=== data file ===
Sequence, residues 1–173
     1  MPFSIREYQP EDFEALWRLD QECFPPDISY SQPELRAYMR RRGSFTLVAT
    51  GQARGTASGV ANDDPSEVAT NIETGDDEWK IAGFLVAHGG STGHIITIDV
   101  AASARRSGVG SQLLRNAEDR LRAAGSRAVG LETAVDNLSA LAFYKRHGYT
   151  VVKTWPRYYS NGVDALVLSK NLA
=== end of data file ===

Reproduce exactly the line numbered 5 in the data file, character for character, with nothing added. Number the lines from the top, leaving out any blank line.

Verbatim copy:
   151  VVKTWPRYYS NGVDALVLSK NLA